When people doll up declining linguistic standards as ‘cultural diversity’, they’re really making a virtue out of dumbness, turning illiteracy into just a variant form of literacy. Some say we shouldn’t look down our noses at the urban patois now spoken by British youth, especially black youth and ‘chavs’, nor sneer at the ‘variant spelling’ and ‘academic differences’ such patois allegedly gives rise to. But this is doubly insulting. It is insulting to assume that young people, especially poor young people, are incapable of mastering standard language, of conquering English and all its glorious complications, and so instead must be allowed to write ‘potatoe’ instead of ‘potato’. The real driving force here is the education establishment’s unwillingness to uphold standards, and its utter lack of faith in the academic capabilities of youth. The elite’s low expectations of the young are dressed up as ‘celebrating linguistic diversity’.

Moreover, it is insulting to say: they have their own language - their own wonderfully weird formulations and spellings! - so let’s leave them to it. Often, patois and slang emerge within the most marginalised groups, among those who feel cut off from society and who consequently develop their own coded speech. Indeed, the most marginalised groups of all - newly arrived, often unemployed immigrants - often don’t speak English at all. In this context, to celebrate difference is really to celebrate people’s isolation, to applaud their remove from society, to congratulate them on their exclusion from public life. Those of us who seriously want everyday people to play a role in shaping society, in determining what the future should look like, have a very clear interest in promoting a standard language through which we can all clearly communicate and argue the toss over our ideals and beliefs.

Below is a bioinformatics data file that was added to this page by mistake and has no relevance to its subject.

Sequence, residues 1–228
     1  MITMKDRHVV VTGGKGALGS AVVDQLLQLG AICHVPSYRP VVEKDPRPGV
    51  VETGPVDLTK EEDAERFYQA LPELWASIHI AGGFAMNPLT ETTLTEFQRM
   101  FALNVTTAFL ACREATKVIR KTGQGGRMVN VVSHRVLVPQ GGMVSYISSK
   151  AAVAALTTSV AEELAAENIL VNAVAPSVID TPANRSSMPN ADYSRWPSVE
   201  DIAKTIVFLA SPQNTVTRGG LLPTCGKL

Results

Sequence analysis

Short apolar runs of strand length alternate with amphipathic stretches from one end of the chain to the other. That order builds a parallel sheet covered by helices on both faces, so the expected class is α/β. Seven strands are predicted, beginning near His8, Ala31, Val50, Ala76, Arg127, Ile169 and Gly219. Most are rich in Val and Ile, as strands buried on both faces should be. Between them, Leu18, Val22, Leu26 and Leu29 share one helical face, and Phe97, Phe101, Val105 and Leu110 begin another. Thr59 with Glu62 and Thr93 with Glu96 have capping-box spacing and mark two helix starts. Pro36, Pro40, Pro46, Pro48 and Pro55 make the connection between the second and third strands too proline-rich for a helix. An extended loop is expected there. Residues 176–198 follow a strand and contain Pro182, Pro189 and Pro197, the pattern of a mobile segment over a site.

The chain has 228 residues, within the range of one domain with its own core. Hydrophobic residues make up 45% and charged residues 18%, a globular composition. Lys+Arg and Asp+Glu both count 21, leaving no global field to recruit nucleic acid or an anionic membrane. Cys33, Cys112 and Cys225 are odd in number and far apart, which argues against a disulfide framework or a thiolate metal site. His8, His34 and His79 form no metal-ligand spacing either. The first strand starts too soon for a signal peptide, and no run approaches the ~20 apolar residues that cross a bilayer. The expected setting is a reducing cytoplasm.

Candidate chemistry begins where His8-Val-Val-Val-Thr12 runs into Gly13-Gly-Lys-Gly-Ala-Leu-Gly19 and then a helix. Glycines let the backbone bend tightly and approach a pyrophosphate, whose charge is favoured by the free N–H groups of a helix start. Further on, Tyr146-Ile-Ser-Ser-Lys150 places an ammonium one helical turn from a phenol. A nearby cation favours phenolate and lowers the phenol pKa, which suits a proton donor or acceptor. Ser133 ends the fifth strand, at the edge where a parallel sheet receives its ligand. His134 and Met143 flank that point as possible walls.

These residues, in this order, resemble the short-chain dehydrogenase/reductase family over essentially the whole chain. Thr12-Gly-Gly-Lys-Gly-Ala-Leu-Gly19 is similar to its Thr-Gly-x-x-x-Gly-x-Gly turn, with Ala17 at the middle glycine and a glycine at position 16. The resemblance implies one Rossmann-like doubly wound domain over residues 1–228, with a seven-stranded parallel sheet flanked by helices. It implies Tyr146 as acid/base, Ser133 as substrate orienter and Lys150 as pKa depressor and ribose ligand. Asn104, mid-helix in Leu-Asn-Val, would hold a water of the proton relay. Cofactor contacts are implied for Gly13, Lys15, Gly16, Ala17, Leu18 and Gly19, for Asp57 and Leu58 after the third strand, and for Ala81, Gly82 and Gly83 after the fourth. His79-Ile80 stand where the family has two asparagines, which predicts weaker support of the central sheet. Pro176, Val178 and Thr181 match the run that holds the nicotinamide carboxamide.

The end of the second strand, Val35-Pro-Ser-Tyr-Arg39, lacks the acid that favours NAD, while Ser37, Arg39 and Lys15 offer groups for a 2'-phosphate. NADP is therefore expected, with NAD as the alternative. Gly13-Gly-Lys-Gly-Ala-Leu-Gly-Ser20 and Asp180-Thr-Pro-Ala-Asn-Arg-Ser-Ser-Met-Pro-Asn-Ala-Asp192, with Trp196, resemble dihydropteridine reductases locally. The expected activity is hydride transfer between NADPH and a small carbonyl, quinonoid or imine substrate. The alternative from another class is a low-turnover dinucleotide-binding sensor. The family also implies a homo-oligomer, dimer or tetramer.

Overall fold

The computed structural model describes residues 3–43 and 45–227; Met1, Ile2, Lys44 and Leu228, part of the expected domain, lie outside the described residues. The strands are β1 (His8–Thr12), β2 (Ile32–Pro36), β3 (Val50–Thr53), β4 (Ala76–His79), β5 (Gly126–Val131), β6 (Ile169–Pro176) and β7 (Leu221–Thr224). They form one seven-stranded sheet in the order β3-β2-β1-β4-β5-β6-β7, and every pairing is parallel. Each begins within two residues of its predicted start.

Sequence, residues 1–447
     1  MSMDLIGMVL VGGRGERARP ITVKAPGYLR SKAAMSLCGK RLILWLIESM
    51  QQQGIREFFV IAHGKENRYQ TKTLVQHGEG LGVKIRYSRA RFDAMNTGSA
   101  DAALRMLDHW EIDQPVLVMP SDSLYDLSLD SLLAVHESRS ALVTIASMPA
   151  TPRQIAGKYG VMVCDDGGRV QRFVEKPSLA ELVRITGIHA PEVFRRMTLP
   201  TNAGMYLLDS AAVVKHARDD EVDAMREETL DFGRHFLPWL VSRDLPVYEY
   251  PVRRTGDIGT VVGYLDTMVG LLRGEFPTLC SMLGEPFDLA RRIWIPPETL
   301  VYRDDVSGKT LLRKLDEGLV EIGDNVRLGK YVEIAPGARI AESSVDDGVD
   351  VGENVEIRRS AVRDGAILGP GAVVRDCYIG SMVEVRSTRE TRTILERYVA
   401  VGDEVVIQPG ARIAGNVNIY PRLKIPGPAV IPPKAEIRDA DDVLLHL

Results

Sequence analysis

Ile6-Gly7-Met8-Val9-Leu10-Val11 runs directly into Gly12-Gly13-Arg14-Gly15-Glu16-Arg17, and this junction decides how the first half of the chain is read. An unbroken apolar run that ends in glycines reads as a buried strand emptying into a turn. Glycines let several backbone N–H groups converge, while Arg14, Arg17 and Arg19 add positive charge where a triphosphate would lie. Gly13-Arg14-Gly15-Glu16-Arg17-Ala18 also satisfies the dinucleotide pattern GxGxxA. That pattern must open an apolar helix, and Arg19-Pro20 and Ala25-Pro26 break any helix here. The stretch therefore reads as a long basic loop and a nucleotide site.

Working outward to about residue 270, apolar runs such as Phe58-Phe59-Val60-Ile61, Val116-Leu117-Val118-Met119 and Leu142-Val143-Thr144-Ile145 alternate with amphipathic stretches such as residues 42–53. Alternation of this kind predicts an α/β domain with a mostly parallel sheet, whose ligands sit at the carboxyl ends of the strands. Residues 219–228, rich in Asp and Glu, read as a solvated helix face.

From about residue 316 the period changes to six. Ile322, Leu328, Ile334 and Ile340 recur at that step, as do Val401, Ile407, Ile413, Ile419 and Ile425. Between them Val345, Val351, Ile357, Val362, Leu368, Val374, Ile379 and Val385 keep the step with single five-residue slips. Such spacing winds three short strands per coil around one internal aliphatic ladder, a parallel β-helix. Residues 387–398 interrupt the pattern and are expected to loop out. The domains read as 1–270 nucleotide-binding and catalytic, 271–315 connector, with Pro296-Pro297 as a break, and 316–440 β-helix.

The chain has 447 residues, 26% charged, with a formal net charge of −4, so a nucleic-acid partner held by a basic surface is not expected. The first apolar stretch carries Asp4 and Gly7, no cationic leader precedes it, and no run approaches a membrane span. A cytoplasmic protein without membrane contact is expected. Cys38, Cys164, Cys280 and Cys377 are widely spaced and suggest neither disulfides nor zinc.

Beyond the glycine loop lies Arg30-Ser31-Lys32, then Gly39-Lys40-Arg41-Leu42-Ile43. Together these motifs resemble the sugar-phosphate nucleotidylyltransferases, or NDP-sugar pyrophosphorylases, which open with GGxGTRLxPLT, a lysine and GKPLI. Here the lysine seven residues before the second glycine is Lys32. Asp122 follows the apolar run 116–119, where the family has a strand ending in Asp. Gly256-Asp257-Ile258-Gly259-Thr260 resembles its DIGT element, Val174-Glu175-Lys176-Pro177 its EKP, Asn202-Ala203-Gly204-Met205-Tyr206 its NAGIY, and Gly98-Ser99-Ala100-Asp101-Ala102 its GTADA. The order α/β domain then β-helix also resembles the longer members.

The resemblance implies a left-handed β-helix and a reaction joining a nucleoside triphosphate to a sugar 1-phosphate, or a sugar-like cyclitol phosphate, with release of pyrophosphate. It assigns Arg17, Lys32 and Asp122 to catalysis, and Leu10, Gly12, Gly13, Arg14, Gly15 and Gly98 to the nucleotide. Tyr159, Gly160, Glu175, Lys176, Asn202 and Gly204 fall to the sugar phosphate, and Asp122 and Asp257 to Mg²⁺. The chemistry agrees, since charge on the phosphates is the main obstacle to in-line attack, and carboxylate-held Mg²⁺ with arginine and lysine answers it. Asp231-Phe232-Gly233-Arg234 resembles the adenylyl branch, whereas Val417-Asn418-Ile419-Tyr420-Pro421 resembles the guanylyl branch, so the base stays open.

The refusal to uphold a standard language is really a refusal to be universal. It is the promotion of parochialism at the expense of public engagement, and introversion over expanding one’s horizons. I want to speak the Queen’s English not because I want to be like the Queen, but because I want to get rid of her, and to make numerous other changes to the society we live in, and I recognise that the starting point to that is that we are able to understand each other and engage with each other. There is revolutionary potential in having everyone adhere to the same linguistic rules; there is only the dead end of division and parish-pump platitudes in the promotion of a linguistic free-for-all in which eevn spleling doens’t matetr.

Brendan O’Neill is editor of spiked. Visit his personal website here.